The home and neighborhood assessments employed in this study are affordable and readily administrable, thus having potential to be employed in various settings to identify home and neighborhood conditions that increase risk for cognitive and behavioral dysregulation that are in need of intervention. The protocol used herein, once replicated, may inform the development of screening tools that could be administered to subgroups at particularly high risk for developmental problems, such as in high poverty households, juvenile detention facilities, alternative schools and/or clinical populations for interventions that target specific aspects of the environment. Results of assessments, for example, may help to direct practitioners toward appropriately targeted prevention programs, cognitive rehabilitation approaches and communities in need of additional social supports for children and their families. Perhaps most compelling is that this information may help to guide public educational campaigns regarding conditions that are conducive to healthy development and, conversely, those that have potential to compromise the ability of children to reach their potential.

Conclusion

The significance of this overall line of research is several-fold. First, elucidating neurobehavioral effects of the home environment can lead to a more sensitive and detailed ascertainment than surveys alone; thus, there is a greater likely of identifying deficits and delays that often become compounded over time. When these impairments are not recognized, interventions are either not implemented or not appropriately targeted, increasing risk for ongoing difficulties in self-regulation, learning, and cognitive control over emotional responses. Second, the potential for a nurturing home environment to partially mitigate some of the untoward effects of more adverse conditions, such as poverty or maltreatment, on child development would suggest that parenting and family interventions may hold great promise. A seminal study by Brody et al. (2016) provides support for this speculation, reporting that family intervention can significantly improve brain function in high poverty children. And third, evidence for the veracity of this framework has implications for social welfare and public health policies that focus on environments capable of optimizing child development. Of relevance to all these points, investigations by a Harvard group to study classroom intervention/cognitive training to support executive functioning show that benefits were especially strong among youth from disadvantaged economic backgrounds2. Although many environment-based interventions (home, school, community) are emerging that support healthy child development, we need better understanding of differential associations in these individual domains before we can employ a more effective approach to improve cognitive function and self-regulation.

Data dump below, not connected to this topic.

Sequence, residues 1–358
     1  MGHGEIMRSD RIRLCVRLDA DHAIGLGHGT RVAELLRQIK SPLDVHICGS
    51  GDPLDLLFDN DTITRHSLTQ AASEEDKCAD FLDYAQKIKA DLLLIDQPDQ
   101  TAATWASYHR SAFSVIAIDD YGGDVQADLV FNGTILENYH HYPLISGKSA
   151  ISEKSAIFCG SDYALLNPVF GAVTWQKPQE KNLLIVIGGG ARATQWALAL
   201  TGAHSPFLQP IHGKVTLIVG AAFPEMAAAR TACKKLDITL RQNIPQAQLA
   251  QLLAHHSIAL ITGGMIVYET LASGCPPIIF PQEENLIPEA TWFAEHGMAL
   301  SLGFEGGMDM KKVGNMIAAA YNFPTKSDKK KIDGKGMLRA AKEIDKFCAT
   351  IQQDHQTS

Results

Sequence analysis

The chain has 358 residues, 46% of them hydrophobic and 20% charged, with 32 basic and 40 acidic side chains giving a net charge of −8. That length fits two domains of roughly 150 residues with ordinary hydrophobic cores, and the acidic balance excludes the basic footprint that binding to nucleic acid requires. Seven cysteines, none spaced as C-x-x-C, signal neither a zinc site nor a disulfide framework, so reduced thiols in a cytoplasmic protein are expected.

Ethics Statement

This study was carried out in accordance with the recommendations of “name of guidelines, name of committee” with written informed consent from all subjects. All subjects gave written informed consent in accordance with the Declaration of Helsinki. The protocol was approved by the Institutional Review Board of the RTI International.

Author Contributions

DF conceived of and initiated this investigation, designed the test battery, provided oversight of the training and activities of data collectors including ensuring adherence to human subjects research procedures, assisted in data analysis, monitored expenditures, coordinated with collaborators, and wrote approximately 75% of the manuscript. LM played a role in the conception and design of the study, as well as conducted data analysis, contributed to the writing, and edited drafts. CG led the data analysis and wrote initial drafts of the statistical and results sections. CC trained and supervised the data collectors, problem solved when necessary, ensured compliance with human subjects research procedures, and processed data to produce an analyzable dataset. JR contributed significantly to the conception of the study, provided scientific and practical guidance throughout the investigation, and reviewed drafts of the manuscript.